A manipulated video snippet of US President Joe Biden’s first meeting with new Israeli Prime Minister Naftali Bennett on Friday circulated widely over the weekend, resurfacing the narrative of a “Sleepy Joe Biden” unable to carry out his presidential duties.
“OMG!! “Sleepy” Joe Biden actually fell asleep during a meeting with the Israeli Prime Minister. (I bet you “fact checkers” in the liberal media will say he was ‘in deep thought’ or something),” Republican congressman Blaise Ingoglia of Florida wrote on Facebook. Conservative talk show host Ben Ferguson shared the manipulated video to his 1.1 million Facebook followers, garnering hundreds of comments. The conservative Canadian website The Post Millennial, which has come under fire for spreading disinformation, shared the clip on Twitter.
Republican congresswomen Marjorie Taylor Greene of Georgia and Lauren Boebert of Colorado went further and suggested that Biden be removed from office for mental incapacity or should resign. As of today, Greene and Boebert have not acknowledged that the videos are manipulated.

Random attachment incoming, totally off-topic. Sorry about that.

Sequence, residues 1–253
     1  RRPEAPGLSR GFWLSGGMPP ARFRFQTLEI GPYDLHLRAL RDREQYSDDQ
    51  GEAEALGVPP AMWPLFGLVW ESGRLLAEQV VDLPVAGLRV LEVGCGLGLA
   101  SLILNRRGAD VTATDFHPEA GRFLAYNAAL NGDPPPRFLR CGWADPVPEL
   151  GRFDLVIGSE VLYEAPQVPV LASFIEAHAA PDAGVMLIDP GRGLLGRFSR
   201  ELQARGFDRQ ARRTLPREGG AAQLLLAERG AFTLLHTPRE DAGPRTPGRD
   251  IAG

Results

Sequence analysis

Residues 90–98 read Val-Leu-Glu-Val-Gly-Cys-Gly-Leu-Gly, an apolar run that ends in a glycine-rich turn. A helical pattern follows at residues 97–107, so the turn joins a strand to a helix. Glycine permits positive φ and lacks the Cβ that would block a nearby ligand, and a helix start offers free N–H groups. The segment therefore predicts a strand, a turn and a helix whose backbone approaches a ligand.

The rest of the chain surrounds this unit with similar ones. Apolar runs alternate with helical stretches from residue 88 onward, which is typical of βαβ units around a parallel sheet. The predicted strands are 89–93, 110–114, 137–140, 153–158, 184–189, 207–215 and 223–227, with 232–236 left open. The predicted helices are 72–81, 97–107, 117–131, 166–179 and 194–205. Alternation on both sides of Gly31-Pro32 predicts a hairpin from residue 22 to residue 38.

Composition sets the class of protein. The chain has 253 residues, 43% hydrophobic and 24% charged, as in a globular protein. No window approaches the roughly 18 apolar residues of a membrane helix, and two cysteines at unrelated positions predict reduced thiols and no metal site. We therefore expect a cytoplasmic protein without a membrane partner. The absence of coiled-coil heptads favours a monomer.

Facebook has flagged Ingoglia and Ferguson’s posts as false information. Twitter has labeled Greene, Boebert and The Post Millennial’s tweets as manipulated media.
In their debunks, PolitiFact and Reuters linked to the full and high-resolution version of the video. There, Biden can be seen moving his fingers during Bennett’s speech; his eyes appear open and he responds immediately after his Israeli counterpart stops speaking.
Outside the US, the low-resolution manipulated clip was published by Russia’s FAN news agency, which is owned by the Putin-friendly Russian oligarch Yevgeny Prigozhin, founder of the Internet Research Agency, which US intelligence has called a “troll farm.” The manipulated video was quickly picked up by several prominent Russian state media outlets and TV channels, and extensively shared on social media. It was also aired by Iran’s state broadcaster.
This is not the first time that manipulated content was used to promote the “Sleepy Joe” narrative, first made prominent by Trump in the run-up to the 2020 US presidential election. A similar video from September 2020 and an edited photograph from February in the Oval Office were shared widely; both have been debunked. — Yevgeny Kuklychev